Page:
Mobile Version | Print-Friendly Version
TESOL Globe
August 2012
TESOL Globe
Forward to a Friend  |  RSS Feeds  |  Archives  |   Follow us on TwitterLike us on FacebookFollow us on LinkedIn
ADVERTISEMENT

Ideas for Teaching Spoken Grammar
by Amanda Hilliard

Traditionally, formal descriptions of English grammar have been based on standards of written English. However, recently, particularly as a result of analysis of large corpora of spoken data and an emphasis on spoken communication, researchers and linguists are beginning to focus on describing features of spoken grammar, and there has been increasing interest in understanding and teaching spoken grammar. After all, spoken grammar has arisen to meet the needs of natural spoken conversation, and teaching it in the language classroom can help teachers avoid “producing speakers of English who can only speak like a book” (Carter & McCarthy, 1995, p. 207). Although there is still some debate as to what constitutes spoken grammar and the extent to which it should be taught, raising students’ awareness of spoken grammar can help improve their communication abilities and comprehension skills, particularly in cases where students are learning English in order to communicate with native speakers. This article presents some activities and ideas teachers can use to raise students’ awareness of and ability to produce features of spoken grammar such as fillers, backchannels, heads, tails, and ellipses.

Fillers and Backchannels
Fillers and backchannels are utterances like “er” and “erm” that do not have a specific meaning but rather fill time and allow speakers to gather their thoughts (Willis, 2003). Fillers are used by both the listener and speaker. At the beginning of a turn, they signal that the listener has heard the response and needs a little time to respond; after completion points, when it seems that the speaker may have finished his or her turn, they signal that the turn is not really over and that the speaker intends to continue (Willis, 2003). Backchannels, on the other hand, are utterances such as “uh-huh” and “really,” which are used by the listener to acknowledge what the speaker is saying and encourage him to continue. Both fillers and backchannels are common in English conversation because they serve important conversational and interpersonal functions, and it would be both difficult and awkward to have a conversation without them (Willis, 2003). Moreover, international students who underuse fillers and backchannels may have difficulty maintaining natural communication with native speakers.

To raise students’ awareness of fillers and backchannels, the teacher can explain their function and then ask students to categorize a group of words as either fillers or backchannels, as in the example below. Once the class has discussed the answers, the teacher can play a short video clip and ask students to count the number of fillers and backchannels they hear in the clip. This activity shows students how common these words are in conversational English.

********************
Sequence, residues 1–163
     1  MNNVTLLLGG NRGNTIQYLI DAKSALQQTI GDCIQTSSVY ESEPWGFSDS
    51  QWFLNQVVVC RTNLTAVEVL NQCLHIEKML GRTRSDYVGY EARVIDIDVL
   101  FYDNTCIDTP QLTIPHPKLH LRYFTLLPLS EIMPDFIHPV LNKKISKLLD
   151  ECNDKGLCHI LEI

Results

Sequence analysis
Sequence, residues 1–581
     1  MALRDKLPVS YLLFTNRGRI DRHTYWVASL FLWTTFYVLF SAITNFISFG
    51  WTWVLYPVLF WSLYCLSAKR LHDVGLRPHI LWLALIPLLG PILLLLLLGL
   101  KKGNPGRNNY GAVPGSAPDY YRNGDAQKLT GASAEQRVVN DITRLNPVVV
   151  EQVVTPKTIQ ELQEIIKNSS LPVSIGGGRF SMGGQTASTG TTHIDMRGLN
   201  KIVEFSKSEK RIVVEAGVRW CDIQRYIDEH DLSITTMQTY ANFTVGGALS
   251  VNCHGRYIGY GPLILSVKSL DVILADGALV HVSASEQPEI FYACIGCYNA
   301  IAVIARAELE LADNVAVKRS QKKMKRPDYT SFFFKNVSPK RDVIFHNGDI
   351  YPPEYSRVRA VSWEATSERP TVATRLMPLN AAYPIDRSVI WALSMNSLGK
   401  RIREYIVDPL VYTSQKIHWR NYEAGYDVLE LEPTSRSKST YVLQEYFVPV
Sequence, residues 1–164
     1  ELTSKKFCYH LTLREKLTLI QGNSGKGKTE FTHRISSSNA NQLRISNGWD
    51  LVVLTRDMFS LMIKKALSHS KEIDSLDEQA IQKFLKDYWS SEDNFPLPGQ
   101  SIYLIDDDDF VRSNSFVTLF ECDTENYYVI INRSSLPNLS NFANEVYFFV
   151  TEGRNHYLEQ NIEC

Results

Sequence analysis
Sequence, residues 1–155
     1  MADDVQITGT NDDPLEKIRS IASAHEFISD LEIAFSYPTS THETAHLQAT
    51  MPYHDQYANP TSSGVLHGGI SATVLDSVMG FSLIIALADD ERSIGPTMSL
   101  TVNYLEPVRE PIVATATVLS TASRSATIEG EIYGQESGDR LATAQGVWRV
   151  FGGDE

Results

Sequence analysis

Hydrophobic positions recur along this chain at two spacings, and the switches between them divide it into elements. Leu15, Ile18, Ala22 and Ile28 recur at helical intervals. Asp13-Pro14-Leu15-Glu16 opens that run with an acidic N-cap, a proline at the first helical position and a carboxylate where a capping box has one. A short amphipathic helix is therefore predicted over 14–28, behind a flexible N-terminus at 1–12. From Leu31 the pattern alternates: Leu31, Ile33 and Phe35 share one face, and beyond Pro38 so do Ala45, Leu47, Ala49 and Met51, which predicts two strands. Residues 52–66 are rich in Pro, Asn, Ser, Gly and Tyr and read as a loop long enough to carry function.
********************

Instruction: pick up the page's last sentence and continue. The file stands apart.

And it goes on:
Directions: Put the following words in the correct column below.

Oh, hmmm, ah, um, I see, uh huh, er, really

Fillers: words that give you time to think, create a pause, or indicate you’re not finished talking 

Backchannels: words that show you are listening and understand what someone else is saying

 

 

 

 

 

 

 

 

 

Heads and Tails
Heads are a way to introduce and orient listeners to a topic before giving information on the topic. For example, in the question, Your sister, does she speak English too?, “your sister” is the question head that introduces the listener to the topic. Heads allow speakers to highlight the topic they want to talk about before commenting on it, giving both the speaker and the listener more processing time in real-time communication (Cullen & Kuo, 2007). On the other hand, tails are comments that are added to the end of a phrase. Tails allow speakers to emphasize or evaluate their comments, and can also be used to clarify the subject of the sentence (Timmis, 2009). For example, in the sentence, She’s a very pretty girl, Amanda is, “Amanda is” acts as a tail that clarifies the subject “she.”

Some basic activities to teach students about heads and tails include questions and statements written with and without heads and tails, as in the examples below. The teacher asks students to decide which is more or less formal, or which is more likely to be found in written or spoken English. After discussing and explaining the use of heads and tails in spoken English, the teacher then asks students to underline the heads or tails in each of the example questions and sentences. In another possible activity the teacher gives students some sentences or questions that already contain heads and tails and asks them to rewrite them without the heads or tails. Then, the teacher gives students sentences that do not contain heads or tails and asks them to rewrite them with heads or tails. These activities raise students’ awareness of the function and use of heads and tails in spoken English.

Directions: Which sentence or question below is more formal? Can you underline the head or tail in the sentences and questions below? Why does the speaker use them? Can you rewrite the sentences and questions without the head or tail?

1. a. Isn’t your brother a soccer player?
b. Your brother, he’s a soccer player, isn’t he?

2. a. Robert is really clever.
b. He’s really clever, Robert is.